None of this is to say that Asperger’s actions during the war were blameless — or even that he was not guilty of crimes against humanity. But a more nuanced approach would have further examined the other, conflicting evidence that Asperger was able to save the lives of some disabled children who had been marked for death. It is this evidence, after all, that was pointed to when Asperger was hailed as a hero.

Even more disconcerting than Sheffer’s approach to Asperger’s wartime actions is her attempt to ground the notion of autism in Asperger’s World War II-era work. Because Asperger relied heavily on notions of Gemüt in his treatise on autistic psychopathy, Sheffer argues that he defined the condition “in terms of Reich rhetoric and values.” Fair enough — but she goes on to claim that today, almost three-quarters of a century later, “his final 1944 description has had a lasting impact. His words live on, shaping the lives and the self-images of millions of individuals.”

Even the most cursory comparison of Asperger’s work, which is peppered with descriptions of “sadistic traits” and children who “delight in malice,” with Wing’s groundbreaking paper reveals that it is her research that has helped shape our modern-day understanding of the autism spectrum. (Asperger’s paper wasn’t even translated into English until 10 years after Wing’s 1981 report — and it was done then only at her behest.) What’s more, “Asperger’s syndrome” is no longer even a recognized diagnosis in the United States: In 2013, it was one of three conditions that were folded into a more expansive diagnosis of “autism spectrum disorder.”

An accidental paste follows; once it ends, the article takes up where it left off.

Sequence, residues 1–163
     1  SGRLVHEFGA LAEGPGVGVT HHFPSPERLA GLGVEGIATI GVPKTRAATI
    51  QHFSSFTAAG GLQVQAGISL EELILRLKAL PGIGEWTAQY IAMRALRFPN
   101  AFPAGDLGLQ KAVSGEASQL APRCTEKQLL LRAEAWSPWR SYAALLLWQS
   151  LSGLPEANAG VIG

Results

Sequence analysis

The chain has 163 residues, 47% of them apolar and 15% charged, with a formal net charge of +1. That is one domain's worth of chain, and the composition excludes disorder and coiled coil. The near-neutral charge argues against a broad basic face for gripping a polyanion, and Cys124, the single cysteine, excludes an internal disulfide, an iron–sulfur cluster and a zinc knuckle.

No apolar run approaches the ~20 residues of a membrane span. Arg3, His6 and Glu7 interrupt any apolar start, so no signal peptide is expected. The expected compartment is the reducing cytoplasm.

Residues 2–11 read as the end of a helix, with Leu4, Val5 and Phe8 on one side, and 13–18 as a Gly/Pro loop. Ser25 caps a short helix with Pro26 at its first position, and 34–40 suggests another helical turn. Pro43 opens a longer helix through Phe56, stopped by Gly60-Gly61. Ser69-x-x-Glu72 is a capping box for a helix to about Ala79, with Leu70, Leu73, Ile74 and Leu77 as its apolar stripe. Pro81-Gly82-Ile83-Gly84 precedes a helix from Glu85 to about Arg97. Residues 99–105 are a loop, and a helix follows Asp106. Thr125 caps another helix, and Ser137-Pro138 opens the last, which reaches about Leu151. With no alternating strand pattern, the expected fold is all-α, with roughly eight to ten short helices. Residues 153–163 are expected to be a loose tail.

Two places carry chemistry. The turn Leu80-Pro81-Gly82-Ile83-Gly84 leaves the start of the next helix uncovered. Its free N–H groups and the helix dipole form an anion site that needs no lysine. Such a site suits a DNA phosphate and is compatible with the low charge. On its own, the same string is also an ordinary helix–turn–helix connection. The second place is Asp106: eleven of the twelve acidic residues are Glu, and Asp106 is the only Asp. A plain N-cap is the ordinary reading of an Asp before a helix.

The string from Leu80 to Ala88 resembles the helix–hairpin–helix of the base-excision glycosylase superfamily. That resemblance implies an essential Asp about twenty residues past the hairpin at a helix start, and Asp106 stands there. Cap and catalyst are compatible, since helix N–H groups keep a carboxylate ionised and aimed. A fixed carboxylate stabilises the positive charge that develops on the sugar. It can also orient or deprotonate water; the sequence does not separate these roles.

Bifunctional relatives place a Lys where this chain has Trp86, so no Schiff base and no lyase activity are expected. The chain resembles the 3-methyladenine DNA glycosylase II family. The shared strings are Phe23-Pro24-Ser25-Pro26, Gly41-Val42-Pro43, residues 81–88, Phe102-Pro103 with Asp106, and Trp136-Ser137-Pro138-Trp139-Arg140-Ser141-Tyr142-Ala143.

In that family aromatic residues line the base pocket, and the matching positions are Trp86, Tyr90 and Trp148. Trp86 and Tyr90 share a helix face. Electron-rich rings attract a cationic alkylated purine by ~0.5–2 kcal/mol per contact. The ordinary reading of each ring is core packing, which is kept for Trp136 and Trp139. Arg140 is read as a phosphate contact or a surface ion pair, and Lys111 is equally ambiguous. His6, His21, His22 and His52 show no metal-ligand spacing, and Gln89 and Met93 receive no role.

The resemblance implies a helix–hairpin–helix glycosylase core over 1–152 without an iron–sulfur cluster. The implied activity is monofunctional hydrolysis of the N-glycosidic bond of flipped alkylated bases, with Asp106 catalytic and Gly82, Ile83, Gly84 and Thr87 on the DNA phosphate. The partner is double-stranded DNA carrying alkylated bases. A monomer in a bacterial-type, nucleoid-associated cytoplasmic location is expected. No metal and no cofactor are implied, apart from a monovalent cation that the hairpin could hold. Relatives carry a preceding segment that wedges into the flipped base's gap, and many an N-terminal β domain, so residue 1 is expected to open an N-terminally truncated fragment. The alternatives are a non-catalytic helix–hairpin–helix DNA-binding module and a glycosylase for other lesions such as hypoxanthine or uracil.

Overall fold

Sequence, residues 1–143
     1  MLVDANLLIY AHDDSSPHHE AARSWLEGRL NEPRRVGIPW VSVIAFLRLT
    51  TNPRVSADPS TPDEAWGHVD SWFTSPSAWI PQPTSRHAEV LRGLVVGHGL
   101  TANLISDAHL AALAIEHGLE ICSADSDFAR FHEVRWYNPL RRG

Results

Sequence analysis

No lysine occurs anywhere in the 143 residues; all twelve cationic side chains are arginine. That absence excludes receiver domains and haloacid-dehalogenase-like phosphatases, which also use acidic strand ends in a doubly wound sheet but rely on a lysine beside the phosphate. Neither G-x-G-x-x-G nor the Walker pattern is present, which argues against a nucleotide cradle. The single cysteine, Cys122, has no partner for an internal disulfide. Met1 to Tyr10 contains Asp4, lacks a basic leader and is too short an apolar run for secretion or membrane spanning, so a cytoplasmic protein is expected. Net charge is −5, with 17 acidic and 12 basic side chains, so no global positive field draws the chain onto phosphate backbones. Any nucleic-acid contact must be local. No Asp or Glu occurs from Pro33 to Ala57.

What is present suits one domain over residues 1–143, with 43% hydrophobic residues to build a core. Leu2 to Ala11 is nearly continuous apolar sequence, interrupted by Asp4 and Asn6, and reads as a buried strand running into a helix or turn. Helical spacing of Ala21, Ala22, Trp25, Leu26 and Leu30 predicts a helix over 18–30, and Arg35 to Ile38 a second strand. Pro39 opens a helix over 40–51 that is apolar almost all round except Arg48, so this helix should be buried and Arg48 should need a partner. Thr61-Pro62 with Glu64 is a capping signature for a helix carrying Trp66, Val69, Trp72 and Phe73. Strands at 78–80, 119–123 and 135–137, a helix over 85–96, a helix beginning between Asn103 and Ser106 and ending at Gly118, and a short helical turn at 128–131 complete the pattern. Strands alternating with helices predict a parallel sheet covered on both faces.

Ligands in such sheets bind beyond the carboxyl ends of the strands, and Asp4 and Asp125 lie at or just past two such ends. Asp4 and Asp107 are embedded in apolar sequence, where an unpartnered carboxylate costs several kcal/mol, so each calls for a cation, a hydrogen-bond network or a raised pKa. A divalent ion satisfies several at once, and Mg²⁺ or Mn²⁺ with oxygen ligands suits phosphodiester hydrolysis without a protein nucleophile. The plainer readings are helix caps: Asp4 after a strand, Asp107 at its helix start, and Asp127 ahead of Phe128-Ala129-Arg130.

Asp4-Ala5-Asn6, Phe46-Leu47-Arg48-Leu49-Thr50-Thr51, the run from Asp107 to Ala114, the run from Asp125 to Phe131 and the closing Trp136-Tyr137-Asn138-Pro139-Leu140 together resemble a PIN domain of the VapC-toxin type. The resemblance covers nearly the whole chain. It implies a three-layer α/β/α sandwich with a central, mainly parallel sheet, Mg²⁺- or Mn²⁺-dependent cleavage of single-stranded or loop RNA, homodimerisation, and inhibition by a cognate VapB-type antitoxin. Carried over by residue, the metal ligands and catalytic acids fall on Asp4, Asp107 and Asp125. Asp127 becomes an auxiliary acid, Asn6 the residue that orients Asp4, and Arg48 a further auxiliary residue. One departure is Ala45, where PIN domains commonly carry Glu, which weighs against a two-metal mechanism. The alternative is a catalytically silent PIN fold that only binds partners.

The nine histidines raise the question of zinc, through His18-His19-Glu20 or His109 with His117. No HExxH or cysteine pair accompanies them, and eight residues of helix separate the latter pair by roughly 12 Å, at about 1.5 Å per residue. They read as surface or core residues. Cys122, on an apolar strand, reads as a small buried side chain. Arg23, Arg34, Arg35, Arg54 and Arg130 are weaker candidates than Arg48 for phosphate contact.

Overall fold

Sheffer is a careful and nuanced researcher, which made her clumsy effort to “destabilize” our notions of autism feel all the more out of place. Then, on the very last page of the book, at the bottom of her acknowledgments, she tells readers that her now-teenage son, to whom the book is dedicated, was diagnosed with autism when he was an infant. “Autism is not real,” she quotes him saying. “It is not a disability or a diagnosis, it is a stereotype for certain individuals…. It made me feel humiliated, and I wanted to put an end to the label of autism.” I was glad to hear his voice: Too often people diagnosed with autism are excluded from discussions about the condition. But I wish Sheffer had trusted her readers enough to let us know about her personal connection to this story at the outset of her book instead of inserting it as a concluding aside, where it became an unsettling coda to her ardent effort to undermine our notions of autism and its origins.

By Seth Mnookin/NYTimes

Posted by The NON-Conformist